— 4.1 —
Hubert and some executioners met in a room in the castle where Arthur was being held prisoner.
Hubert said to the executioners, “Heat these irons hot for me, and standin the alcove behind the wall hanging. When I stamp my footon the ground, rush forth and bind the boy whom you shall find with mefast to the chair. Be heedful. Go now, and watch.”
“I hope your warrant will authorize this deed,” the first executioner said.
“You have offensive scruples!” Hubert said. “Don’t be afraid. Look to it — do your part.”
The executioners stood behind the wall hanging.
Hubert called, “Young lad, come here; I have something to say to you.”
Arthur walked into the room.
“Good morning, Hubert,” Arthur said.
“Good morning, little Prince,” Hubert said.
“Considering that I have so great a title to be more than a Prince — I ought to be recognized as a King! — I am as little a Prince as it is possible to be.”
Looking closely at Hubert, he added, “You are sad.”
“Indeed, I have been merrier,” Hubert said.
“Have mercy on me!” Arthur said. “I think that nobody should be sad but I, yet I remember that when I was in France, young gentlemen like myself would be as sad as night, but only because it was a whim of theirs. By my faith as a Christian, I swear that if I were out of prison and kept sheep as a shepherd, I would be as merry as the day is long, and so I would be here, except that I am afraid that my uncle plots more harm to me. He is afraid of me, and I am afraid of him. Is it my fault that I am Geoffrey’s son? No, indeed, it is not; and I wish to Heaven that I were your son, as long as you would love me, Hubert.”
Hubert thought, If I talk to him, his innocent prattling will awaken my mercy, which lies dead within me; therefore, I will be sudden and dispatch this business quickly.
“Are you sick, Hubert?” Arthur asked. “You look pale today. Truly, I wish you were a little sick, so that I might sit up all night and stay awake with you. I assure you that I love you more than you love me.”
Hubert thought, His words take possession of my bosom. His words fill my heart.
He said out loud, “Read this, young Arthur.”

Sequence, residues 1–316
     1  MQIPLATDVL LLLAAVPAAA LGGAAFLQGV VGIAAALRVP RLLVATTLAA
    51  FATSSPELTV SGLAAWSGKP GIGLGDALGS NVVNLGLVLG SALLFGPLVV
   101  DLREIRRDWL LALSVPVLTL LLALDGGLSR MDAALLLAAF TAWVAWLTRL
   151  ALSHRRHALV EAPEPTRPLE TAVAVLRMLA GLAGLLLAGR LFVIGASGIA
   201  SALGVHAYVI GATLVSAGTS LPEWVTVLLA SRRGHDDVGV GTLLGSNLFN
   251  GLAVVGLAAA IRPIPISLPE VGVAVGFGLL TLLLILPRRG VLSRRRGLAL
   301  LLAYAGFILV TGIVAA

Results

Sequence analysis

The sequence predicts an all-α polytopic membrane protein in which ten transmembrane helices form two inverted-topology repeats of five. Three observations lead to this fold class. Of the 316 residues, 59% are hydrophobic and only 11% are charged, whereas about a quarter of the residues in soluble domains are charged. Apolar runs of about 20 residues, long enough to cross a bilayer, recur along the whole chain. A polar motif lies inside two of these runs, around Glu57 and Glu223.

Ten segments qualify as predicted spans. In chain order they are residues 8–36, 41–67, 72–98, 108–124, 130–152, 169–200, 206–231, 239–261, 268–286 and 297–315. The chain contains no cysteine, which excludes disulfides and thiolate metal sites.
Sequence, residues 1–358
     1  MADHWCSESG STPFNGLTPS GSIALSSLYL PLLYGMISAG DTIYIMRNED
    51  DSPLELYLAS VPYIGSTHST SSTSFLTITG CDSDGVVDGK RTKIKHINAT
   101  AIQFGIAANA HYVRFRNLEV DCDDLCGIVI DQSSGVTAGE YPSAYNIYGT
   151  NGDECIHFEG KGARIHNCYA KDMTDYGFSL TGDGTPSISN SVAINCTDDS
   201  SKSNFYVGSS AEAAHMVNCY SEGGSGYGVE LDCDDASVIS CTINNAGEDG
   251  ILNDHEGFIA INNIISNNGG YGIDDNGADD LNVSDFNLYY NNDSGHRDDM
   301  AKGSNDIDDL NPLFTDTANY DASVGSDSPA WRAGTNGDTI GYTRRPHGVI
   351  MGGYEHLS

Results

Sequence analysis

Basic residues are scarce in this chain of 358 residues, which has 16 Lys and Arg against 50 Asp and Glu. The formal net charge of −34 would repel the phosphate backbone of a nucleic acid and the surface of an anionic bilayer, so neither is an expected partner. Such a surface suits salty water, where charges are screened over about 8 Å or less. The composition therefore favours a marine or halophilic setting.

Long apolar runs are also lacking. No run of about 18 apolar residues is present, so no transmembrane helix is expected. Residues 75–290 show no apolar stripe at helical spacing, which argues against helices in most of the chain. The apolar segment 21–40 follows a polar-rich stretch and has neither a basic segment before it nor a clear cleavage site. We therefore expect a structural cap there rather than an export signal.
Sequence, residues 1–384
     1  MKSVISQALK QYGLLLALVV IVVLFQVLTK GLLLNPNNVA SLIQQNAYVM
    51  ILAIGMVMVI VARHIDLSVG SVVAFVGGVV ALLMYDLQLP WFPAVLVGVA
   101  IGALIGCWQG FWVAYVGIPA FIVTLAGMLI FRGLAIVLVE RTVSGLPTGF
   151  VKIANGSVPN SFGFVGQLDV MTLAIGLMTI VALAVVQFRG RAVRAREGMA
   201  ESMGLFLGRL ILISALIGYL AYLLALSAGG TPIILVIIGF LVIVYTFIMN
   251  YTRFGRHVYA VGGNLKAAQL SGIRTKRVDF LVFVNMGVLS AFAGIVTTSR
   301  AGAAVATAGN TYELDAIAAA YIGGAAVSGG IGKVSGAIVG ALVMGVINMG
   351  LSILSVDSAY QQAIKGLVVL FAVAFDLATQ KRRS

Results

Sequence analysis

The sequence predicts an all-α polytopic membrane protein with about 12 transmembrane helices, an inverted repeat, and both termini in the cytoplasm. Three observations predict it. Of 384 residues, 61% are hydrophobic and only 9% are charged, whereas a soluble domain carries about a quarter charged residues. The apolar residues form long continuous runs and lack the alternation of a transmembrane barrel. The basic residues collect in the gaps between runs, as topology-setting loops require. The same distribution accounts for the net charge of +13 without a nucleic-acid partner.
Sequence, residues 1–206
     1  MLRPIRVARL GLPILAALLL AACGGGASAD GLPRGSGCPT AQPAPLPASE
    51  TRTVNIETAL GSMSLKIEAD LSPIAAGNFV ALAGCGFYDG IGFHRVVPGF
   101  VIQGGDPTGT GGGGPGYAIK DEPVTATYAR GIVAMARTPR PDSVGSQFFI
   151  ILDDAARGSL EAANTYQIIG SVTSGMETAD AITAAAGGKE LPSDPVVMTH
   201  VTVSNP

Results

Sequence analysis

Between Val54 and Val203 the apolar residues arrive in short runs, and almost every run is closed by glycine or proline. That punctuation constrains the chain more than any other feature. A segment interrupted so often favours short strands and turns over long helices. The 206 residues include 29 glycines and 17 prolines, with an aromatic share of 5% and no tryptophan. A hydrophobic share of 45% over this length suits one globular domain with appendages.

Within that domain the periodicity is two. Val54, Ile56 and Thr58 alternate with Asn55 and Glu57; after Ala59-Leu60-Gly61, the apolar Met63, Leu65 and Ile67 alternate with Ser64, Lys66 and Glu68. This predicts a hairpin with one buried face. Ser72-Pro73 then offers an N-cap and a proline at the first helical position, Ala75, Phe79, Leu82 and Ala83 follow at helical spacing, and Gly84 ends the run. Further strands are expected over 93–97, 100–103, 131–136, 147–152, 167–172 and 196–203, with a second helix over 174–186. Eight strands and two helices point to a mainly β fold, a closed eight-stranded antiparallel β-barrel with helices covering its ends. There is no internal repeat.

He gave Arthur a paper.
Hubert thought, Foolish tears, what are you doing! Turning pitiless torture out of doors! I must be quick, lest my resolution drops out of my eyes in tender womanish tears.
He said out loud, “Can you not read it? Is it not fairly and clearly written?”
“It is written too fairly, Hubert, for so foul an effect,” Arthur said. “Must you with hot irons burn out both of my eyes?”
“Young boy, I must,” Hubert replied.
“And will you?” Arthur asked.
One meaning of “will” was “want,” so one of the meanings of Arthur’s question was “And do you want to?”
“And I will,” Hubert replied.
“Have you the heart?” Arthur asked. “When your head ached, I tied my handkerchief around your brows, the best I had; a Princess embroidered it for me, and I never asked you for it again.”
In this society, handkerchiefs were expensive, so Arthur was generous in not asking for it to be returned to him.
Arthur continued, “And with my hand at midnight I held your head, and like the watchful minutes to the hour, always and continually I cheered up the heavy time, saying, ‘What do you need?’ and ‘Where does it hurt?’ Or ‘What good deed may I perform for you?’”
Arthur had continually talked to Hubert, making sounds, just like a clock does when it ticks.
He continued, “Many a poor man’s son would have lain still and never have spoken a loving word to you, but you when you were sick had a Prince serve as your nursemaid. You may think that my love was devious love and call it cunning. Do so, if you will. If Heaven will be pleased that you must use me ill, why then you must.
“Will you put out my eyes? These eyes never did and never shall as much as frown at you.”
“I have sworn to do it,” Hubert said. “And with hot irons I must burn them out.”
“None except those in this Iron Age would do it!” Arthur said.
People in this society believed in a historical succession of ages, aka eras, each one worse than the previous one: the Golden Age, the Silver Age, the Bronze Age, and the Iron Age. The worst was the Iron Age, which was characterized by fraud and violence.